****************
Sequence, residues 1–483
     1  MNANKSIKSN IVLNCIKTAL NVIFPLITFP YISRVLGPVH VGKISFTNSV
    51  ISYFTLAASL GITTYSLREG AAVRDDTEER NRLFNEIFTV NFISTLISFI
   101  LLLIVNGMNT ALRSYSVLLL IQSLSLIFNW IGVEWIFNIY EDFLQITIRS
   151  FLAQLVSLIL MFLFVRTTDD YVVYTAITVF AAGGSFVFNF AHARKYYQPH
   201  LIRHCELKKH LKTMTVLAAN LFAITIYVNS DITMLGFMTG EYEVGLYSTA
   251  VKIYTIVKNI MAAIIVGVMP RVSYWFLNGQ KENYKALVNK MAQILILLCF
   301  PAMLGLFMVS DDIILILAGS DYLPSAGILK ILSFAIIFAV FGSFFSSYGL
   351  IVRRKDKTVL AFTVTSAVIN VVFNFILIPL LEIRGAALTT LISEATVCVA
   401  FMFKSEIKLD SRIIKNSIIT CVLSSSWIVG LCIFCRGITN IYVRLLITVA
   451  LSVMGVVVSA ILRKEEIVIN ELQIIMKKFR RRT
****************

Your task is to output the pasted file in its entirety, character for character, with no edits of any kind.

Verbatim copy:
Sequence, residues 1–483
     1  MNANKSIKSN IVLNCIKTAL NVIFPLITFP YISRVLGPVH VGKISFTNSV
    51  ISYFTLAASL GITTYSLREG AAVRDDTEER NRLFNEIFTV NFISTLISFI
   101  LLLIVNGMNT ALRSYSVLLL IQSLSLIFNW IGVEWIFNIY EDFLQITIRS
   151  FLAQLVSLIL MFLFVRTTDD YVVYTAITVF AAGGSFVFNF AHARKYYQPH
   201  LIRHCELKKH LKTMTVLAAN LFAITIYVNS DITMLGFMTG EYEVGLYSTA
   251  VKIYTIVKNI MAAIIVGVMP RVSYWFLNGQ KENYKALVNK MAQILILLCF
   301  PAMLGLFMVS DDIILILAGS DYLPSAGILK ILSFAIIFAV FGSFFSSYGL
   351  IVRRKDKTVL AFTVTSAVIN VVFNFILIPL LEIRGAALTT LISEATVCVA
   401  FMFKSEIKLD SRIIKNSIIT CVLSSSWIVG LCIFCRGITN IYVRLLITVA
   451  LSVMGVVVSA ILRKEEIVIN ELQIIMKKFR RRT